Dental Health Month {an interview with the Dr.}



February is Dental Health month, so we are celebrating through an informative interview with Dr. Carol Felder. She is a Norwalk-based family dentist and mom to two (adorable!) little girls.


Q: When should children have their first formal dentist appointment?

A: By age 1.

Q: What should they expect at this visit?

A: It will be easy, simple, and fun. You’re there to count teeth. Children identify with the counting of numbers as it’s already been introduced into their lives so it’s just an opportunity to get them into the office and familiarize them with the procedure.

Q: How can they be best prepared to have a successful visit?

A: I suggest reading books. I also suggest incorporating brushing every morning and every night so they are already used to the brush in their mouth.


Q: At what age should parents begin brushing a child’s teeth with training toothpaste?

A: As soon as the first tooth comes in – which is an average age of 6 months. I suggest using training toothpaste until about age 5 when children can properly spit. They should be brushing for two minutes in the morning and at night. I highly suggest electric toothbrushes for children because they’re timed and they do the actions for them, especially if a child is not a great brusher. The one that I love is Sonicare.

Q: What about mouthwash?

A: I don’t recommend it as much when they’re young because they have a problem with swallowing it – if children are doing well with brushing properly twice a day, it’s not as critical.

Q: What are the worst culprits of dental problems in children?

A: Juices, candy, and even milk for infants – especially bedtime milk, not brushing afterwards or wiping the mouth clean. There is sugar in milk (lactose) which not a lot of people realize.

Q: At what age should children begin losing their baby teeth?

A: The average age is 6 to lose the first tooth but I have seen it as early as 4. I’ve also seen a few babies in my years of practice who were born with neonatal teeth. Because this tooth is not part of the first set, it’s an abnormality, and it needs to be pulled once it becomes loose so the child is not at risk of swallowing the tooth.

Q: What advice would you give for any parents or caretakers of children who have teeth knocked out during play? What should they do?

A: Put the tooth in a cup of milk and try not to manipulate it at all. Bring it (the tooth) in with the child to the dentist asap. Ice can be applied to reduce gum swelling and children’s pain medication (like Tylenol) can be given if the pain is severe enough. If it’s bleeding, compress the area.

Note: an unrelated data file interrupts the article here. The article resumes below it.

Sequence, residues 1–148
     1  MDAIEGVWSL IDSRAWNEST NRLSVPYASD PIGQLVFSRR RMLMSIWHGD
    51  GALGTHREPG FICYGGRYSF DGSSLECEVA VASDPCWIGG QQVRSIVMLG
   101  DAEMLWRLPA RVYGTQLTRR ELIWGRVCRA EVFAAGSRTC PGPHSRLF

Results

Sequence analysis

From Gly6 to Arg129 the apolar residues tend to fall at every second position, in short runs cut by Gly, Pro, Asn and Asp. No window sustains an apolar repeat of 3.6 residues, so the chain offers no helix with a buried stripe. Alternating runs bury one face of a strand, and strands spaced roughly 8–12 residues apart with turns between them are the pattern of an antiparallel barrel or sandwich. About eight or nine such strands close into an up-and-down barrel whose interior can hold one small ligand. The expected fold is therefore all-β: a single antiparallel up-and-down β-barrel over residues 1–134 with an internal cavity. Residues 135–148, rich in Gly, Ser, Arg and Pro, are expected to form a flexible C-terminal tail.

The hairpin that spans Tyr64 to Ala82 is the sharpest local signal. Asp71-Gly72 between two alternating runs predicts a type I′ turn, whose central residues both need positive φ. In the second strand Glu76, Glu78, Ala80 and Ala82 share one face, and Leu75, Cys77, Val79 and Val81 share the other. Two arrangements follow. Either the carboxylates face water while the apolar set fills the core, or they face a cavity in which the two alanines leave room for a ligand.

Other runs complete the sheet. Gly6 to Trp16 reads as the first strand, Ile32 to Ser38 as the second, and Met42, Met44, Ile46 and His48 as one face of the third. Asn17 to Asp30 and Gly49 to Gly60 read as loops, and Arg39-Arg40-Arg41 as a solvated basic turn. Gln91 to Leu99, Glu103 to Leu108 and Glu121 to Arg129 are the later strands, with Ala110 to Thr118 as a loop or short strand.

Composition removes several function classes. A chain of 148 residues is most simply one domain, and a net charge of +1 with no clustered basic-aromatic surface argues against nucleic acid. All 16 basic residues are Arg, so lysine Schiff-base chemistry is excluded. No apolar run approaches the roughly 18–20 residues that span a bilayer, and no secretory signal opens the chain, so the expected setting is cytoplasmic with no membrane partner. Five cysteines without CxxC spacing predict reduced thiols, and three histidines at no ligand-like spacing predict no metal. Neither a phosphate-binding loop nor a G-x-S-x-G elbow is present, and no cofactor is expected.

Dr. Felder and her daughters, ages 6 and 4. Look at those beautiful smiling girls!

Q: What about other advice for parents, specifically mothers?

A: Start brushing early, every morning and night. It really develops into a lifelong habit. Most people who don’t brush twice a day, never did. Visits should be bi-annually (every 6 months). We should also encourage healthy eating habits (fruits, vegetables), drinking water and limiting the juice drinking and sweet-eating to special occasions.

Q: What are your thoughts about pacifiers and thumb sucking?

A: Pacifiers are easier to deal with because they’re not on the body, but I’m not a proponent of them. For a colicky baby who needs the soothing it’s understandable. With pacifiers, they should be taken away by age 2. As for thumb sucking, when a baby is old enough, give them something else to keep their hands occupied with while they are awake to prevent thumb sucking. From parent feedback, I’ve heard that deterrents like paints, mittens, or nail polishes aren’t particularly effective. I would suggest removing the thumb after a baby has fallen asleep. Using other soothing methods like rubbing the back or reading a bedtime story can sometimes help. With thumb sucking, look for teeth contact upon closing of the mouth (or lack of) in addition to changing palate shape.

Q: What advice would you give to pregnant women about dental health? What, if anything, is different during pregnancy?

A: If you’re planning for pregnancy, get all of your treatments done beforehand. Otherwise, wait until the 2nd trimester for major work. Knowing that the hormones in pregnancy can cause inflammation of the gums, it’s extra important to go to cleanings regularly. A lot of people think you shouldn’t or can’t go, but you should.

Q: What about fluoride?

A: There have been changes in our eating and drinking habits. Years ago, we used to rely on fluoridated water but now we are getting and drinking bottled water which does not have fluoride. Children need it, when they’re old enough, from either fluoride in their toothpastes or at their dental visits when we do topical applications.

Dental informationQ: Is it difficult for you to talk to parents about what they need to change in their children’s dental routines?

A: Hard for parents to accept because they sometimes look at it as failure. I try to educate them rather than scold. The goal is to change habits. Often, kids with cavities have parents with cavities. It’s important to know that the disease that causes cavities is transferable. I tell pregnant women to really take care of their teeth. Parents who bottle test (for temperature), or food/spoon/straw share don’t always know that the bacteria can move between parents and children. Most people don’t know that.

Q: What advice do you have about teething?

A: No medication teething products should be used. Just soothing mechanisms like the teething rings. I’ve also found that brushing in infancy (even before teeth are present) and using a warm cloth – rubbing and massaging – tends to toughen the gums and alleviate the pain of tooth eruption when that does happen.

Thanks to Dr. Carol Felder for providing us with a wealth of knowledge about dental health!





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